Overall my aim was to introduce a sense of poetry and musicality through the use of colour and texture, further reinforcing the gardens relationship within its unique setting. They also wanted a design that would be relatively low maintenance and again this is a requirement of many clients who nevertheless want to interact with their outdoor spaces.
A low maintenance garden can be easily achieved without sacrificing the overall aesthetic appeal of the finished garden.

Now of course, having said all that, it is also important to point out that this was a unique project in a unique location and reclaimed materials will not always be suitable or desirable. The use of reclaimed materials should not be viewed as restrictive and at the end of the day it is better to use new materials and do something with the garden than nothing at all.
In many of my other designs it is simply not possible or desirable to use all reclaimed materials but even a mix of old and new, when carefully balanced, can be just as effective. If using new materials, try to go for natural stone as opposed to pressed concrete products and also see if it is possible to use locally-sourced timbers from reputable suppliers where the timber will have come from managed forests, green oak being a good example.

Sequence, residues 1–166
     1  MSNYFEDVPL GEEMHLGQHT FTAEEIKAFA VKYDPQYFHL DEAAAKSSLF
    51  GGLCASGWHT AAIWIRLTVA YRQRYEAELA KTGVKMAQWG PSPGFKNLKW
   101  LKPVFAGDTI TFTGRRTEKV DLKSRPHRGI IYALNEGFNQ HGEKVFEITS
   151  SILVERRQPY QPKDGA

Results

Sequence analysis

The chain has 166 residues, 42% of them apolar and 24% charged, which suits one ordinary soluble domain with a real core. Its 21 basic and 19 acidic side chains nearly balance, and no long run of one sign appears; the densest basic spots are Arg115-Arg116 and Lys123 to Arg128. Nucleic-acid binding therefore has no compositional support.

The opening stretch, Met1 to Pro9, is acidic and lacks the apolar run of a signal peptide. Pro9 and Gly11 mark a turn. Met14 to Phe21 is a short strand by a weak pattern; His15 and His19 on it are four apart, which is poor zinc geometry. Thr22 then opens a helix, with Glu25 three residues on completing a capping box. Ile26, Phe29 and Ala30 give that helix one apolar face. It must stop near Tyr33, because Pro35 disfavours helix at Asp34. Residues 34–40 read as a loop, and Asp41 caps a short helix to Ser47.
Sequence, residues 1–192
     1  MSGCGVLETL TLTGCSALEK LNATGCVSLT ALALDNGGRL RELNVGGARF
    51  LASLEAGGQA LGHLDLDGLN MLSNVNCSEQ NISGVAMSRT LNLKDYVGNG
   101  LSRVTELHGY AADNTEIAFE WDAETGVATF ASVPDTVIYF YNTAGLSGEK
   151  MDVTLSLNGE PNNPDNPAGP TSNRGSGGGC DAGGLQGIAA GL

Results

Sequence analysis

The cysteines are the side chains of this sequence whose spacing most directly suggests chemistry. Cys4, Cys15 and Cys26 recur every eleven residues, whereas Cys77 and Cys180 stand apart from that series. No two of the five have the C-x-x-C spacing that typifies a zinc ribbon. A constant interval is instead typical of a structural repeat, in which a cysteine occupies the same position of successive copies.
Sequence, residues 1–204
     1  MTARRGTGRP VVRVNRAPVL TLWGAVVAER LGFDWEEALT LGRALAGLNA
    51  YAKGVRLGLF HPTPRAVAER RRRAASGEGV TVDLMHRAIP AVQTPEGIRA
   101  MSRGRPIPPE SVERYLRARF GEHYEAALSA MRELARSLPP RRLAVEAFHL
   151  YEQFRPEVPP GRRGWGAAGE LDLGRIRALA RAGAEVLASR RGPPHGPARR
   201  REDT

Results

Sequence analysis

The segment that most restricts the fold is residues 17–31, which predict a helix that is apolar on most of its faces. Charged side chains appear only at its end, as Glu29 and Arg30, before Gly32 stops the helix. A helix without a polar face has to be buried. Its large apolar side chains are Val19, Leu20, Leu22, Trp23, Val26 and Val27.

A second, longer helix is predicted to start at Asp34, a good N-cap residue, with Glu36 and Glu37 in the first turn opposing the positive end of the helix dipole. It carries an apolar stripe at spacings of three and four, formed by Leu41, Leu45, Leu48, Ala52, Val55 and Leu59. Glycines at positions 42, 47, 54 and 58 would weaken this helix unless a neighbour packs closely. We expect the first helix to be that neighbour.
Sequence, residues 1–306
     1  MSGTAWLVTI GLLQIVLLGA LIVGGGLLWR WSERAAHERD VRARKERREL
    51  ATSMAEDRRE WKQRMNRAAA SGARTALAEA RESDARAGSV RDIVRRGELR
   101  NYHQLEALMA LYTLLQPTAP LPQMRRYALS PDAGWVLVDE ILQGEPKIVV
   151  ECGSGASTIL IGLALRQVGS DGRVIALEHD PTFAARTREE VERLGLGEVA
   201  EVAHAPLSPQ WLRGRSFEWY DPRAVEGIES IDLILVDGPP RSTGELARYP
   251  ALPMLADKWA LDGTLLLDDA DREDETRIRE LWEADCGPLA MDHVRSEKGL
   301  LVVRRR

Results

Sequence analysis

Many of the timbers seen today in the large DIY stores will often be fast grown, cheap white timbers that are dipped in a toxic array of chemicals to preserve them for outdoor use. This can be witnessed by the green tinge that you will notice in these products.
Again for me there would seem to be many ethical issues surrounding the production of Indian stone so I generally tend to avoid using it.